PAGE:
ERIE – Stephanie Michael spent spring break at a sun-baked beach last year and didn’t enjoy the experience.
This year, Michael has spent the first few days of spring break in snow-covered Erie.
“That’s OK. There’s no place I’d rather be than here,” Michael said with a smile.
That’s because Michael, a senior guard, and her California University women’s basketball teammates are in the NCAA Division II tournament and making the most of the experience. The Vulcans failed to make the tournament last season for the first time in a decade, which gave Michael an opportunity to head to the beach, though she preferred to spend the week on the basketball court. This year, Michael and the Vulcans seem to be making up for lost time.
California (22-8) will play its PSAC West Division rival and top-seeded Gannon (30-4) tonight at the Hammermill Center in the final of the Atlantic Regional. Tipoff is 7 p.m.
The winner advances to the Elite Eight, which will be played March 26-29 in San Antonio.
California, which is the seventh seed in the regional, received the final at-large berth to the tournament. The Vulcans, however, pulled off an 80-72 upset of second-seeded Edinboro in the first round Friday. On Saturday, Cal never trailed against sixth-seeded Glenville State but needed Michael’s driving layup with five seconds remaining to beat the Pioneers, 81-79.
Gannon and Cal will be meeting for the fourth time this season, and second time in two weeks. Gannon, ranked No. 7 in the most-recent USA Today Top 25, has won two of the three meetings, including both games played in Erie. However, Golden Knights head coach Cleve Wright is taking nothing for granted.
“Cal is a very good team. They beat us at their place; that should tell us how good they are,” Wright said. “They’re in the Sweet 16 and we know it’s going to be a battle. We’re not assuming anything. We have a lot of respect for Cal and we know we’re going to have to play well.”
Gannon defeated Cal 65-53 in the regular season at the Hammermill Center and 77-50 in the quarterfinals of the PSAC tournament March 5. The Vulcans upset the Golden Knights 81-73 at the Convocation Center in February. That win was a springboard for Cal, which has won eight of its last 10 games.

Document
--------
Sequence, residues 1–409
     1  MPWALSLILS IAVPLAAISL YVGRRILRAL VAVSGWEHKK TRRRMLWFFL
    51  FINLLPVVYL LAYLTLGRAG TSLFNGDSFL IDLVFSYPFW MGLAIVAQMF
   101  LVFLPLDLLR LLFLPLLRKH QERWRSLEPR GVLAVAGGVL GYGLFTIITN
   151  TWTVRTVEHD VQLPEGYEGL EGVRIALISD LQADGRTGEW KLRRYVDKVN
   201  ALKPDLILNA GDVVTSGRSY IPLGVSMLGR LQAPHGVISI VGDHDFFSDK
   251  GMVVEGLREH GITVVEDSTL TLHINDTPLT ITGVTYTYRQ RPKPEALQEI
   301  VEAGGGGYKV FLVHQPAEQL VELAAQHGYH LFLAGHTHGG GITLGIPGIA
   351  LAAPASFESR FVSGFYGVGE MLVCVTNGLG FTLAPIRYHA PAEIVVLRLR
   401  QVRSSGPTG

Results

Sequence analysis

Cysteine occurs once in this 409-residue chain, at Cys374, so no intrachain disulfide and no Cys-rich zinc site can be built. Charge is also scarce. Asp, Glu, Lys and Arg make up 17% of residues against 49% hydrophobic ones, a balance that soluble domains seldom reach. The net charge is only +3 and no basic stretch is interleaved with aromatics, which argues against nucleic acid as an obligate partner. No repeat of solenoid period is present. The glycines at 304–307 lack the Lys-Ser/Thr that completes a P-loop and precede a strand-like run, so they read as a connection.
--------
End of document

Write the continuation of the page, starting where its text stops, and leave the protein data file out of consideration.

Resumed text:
“For us, that win over Gannon was huge,” said Michael, is averaging 24 points in the regional. “We had been inconsistent for most of the season, but if we can play the way we did in that game, we know that we can beat anybody.”
The Vulcans have been impressive in the regional. They have not trailed by more than three points in the two games.
“We play off emotion,” Cal coach Jess Strom said. “We’re also pretty good at game management. If we can get the lead late, we’re confident that we can maintain it.”
Getting a lead against Gannon will be difficult, especially on the Golden Knights’ home court, where they are 15-0 this season. Jen Papich, a 6-1 junior, leads a deep Gannon attack, averaging 12.7 points and 5.8 rebounds per game.
Cal will likely need another big game from Michael and Elena Antonenko, who had 16 points and nine rebounds against Glenville. Antonenko, a 6-3 junior forward from Moscow, Russia, and the Vulcans’ only healthy low-post player, blocked a Glenville State shot in the final minute that set up Michael’s game-winner.
Antonenko’s play has improved down the stretch as she’s averaging 12 points over Cal’s last seven games.
“Elena does a lot of the little things that you don’t see in the boxscore,” Strom said. “She had 16 points and nine rebounds against Glenville, but she had the blocked shot at the end, and also made key shot that gave us a late lead. Her play has improved.”
Strom said playing Gannon is much like facing Edinboro, another PSAC West rival. The Vulcans have Golden Knights have played against and seen each other on tape so many times throughout the season that are no remaining secrets.
Strom also said it’s no surprise that two teams from the West Division are in the regional final. Gannon won the West’s regular-season title while Cal finished fourth.
“Everybody knew the PSAC and the West Division were strong,” Strom said. “This speaks for the strength of our conference. In our conference, anyone can beat any other team.”